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For nursing home staffs, it’s grit, teamwork, and an us-against-the-world mindset

Among these unsung front-line workers, some feel stigmatized and forgotten

From left, Life Care Nashoba Valley's executive director, Amy Lamontagne; director of activities Deborah Thrush; and unit manager and nurse Samuel Siawor.
From left, Life Care Nashoba Valley's executive director, Amy Lamontagne; director of activities Deborah Thrush; and unit manager and nurse Samuel Siawor.Suzanne Kreiter/Globe staff

For those on the front lines at Massachusetts nursing homes, the job stresses have grown. And the public cheering for health care workers is barely audible.

They report to work each day and don protective gear. They care for old and frail residents who are confined to their rooms, with sickness and fear all around. They help residents get out of bed, get dressed, eat, and go to the bathroom. And sometimes they sit by their side when they die.

To labor today at long-term care facilities, which have accounted for more than six in 10 of the state’s COVID-19 deaths, takes love and commitment, teamwork and grit — and perhaps, above all, an us-against-the world mentality.

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“It’s very personal when your first patient dies,” said Diane Furey, a nurse practitioner with the North Shore Physicians Group who divides her time between two nursing homes, Abbott House in Lynn and Devereux House in Marblehead. “With this pandemic, it’s literally like going into a battlefield.”

Furey, whom colleagues call “PPE Santa,” has helped her fellow nurses and caregivers prepare for the battle by organizing a Facebook group that has obtained shipments of gowns and other personal protective equipment for nursing homes.

Many front-line nursing home workers have been sickened by the coronavirus, and at least four nurses and social workers have died, the Globe has reported. But the actual toll among the staff at long-term care facilities is unknown, because state health officials have not reported the numbers.

Some nurses who work in long-term care facilities say they feel forgotten by the public, even as they face constant risk and heartbreak and, as days blur together, make what they see as the most meaningful contributions of their lives. Some feel stigmatized by politicians and media reports that seem to suggest they’re at fault for the spread of COVID-19 in their facilities, despite having followed public health guidelines and precautions to keep the virus out.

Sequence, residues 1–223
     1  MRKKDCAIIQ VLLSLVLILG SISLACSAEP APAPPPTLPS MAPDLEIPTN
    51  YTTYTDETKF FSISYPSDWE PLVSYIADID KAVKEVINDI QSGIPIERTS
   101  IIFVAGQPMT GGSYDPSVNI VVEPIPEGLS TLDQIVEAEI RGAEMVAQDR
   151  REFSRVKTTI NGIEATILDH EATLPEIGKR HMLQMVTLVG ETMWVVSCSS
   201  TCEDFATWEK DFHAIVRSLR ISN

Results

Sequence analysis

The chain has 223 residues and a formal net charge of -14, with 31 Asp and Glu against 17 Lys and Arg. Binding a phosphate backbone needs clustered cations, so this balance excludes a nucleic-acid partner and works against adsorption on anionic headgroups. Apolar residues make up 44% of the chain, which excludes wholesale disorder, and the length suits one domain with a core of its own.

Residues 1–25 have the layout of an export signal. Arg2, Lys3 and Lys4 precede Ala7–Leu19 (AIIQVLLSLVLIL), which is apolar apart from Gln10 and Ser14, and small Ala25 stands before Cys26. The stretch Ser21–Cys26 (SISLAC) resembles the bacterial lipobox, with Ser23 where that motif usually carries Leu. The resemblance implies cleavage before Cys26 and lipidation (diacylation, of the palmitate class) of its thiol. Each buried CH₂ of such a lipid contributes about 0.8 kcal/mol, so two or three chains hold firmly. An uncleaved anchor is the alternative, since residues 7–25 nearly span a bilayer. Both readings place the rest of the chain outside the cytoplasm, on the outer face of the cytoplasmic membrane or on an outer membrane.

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When grateful multitudes clap from their balconies and military jets fly overhead in a show of appreciation for health care heroes, some don’t feel like the tribute is for them.

“All of the things that the hospital workers get glorified for are taken away from us in the nursing homes,” said Sandi Richards, a licensed practical nurse at Life Care Center of Nashoba Valley, who spent two weeks at home sick with COVID-19 but returned to work in April. "They kind of made us feel like we’re not as worthy as other people when we we’re doing the same job that people in hospitals are doing.”

Work at long-term care facilities, which are often understaffed in the best of times, has always been tough for the certified nursing assistants, dietitians, housekeepers, and others who log long hours for relatively low wages. In the era of COVID-19, that work has only gotten harder.

Certified nursing assistant Ritha Meritus has worked for more than 20 years at South Dennis HealthCare on Cape Cod. Now she has to change in and out of protective gear seven to 10 times a day as she goes from room to room at the home, where some residents have been infected with the virus.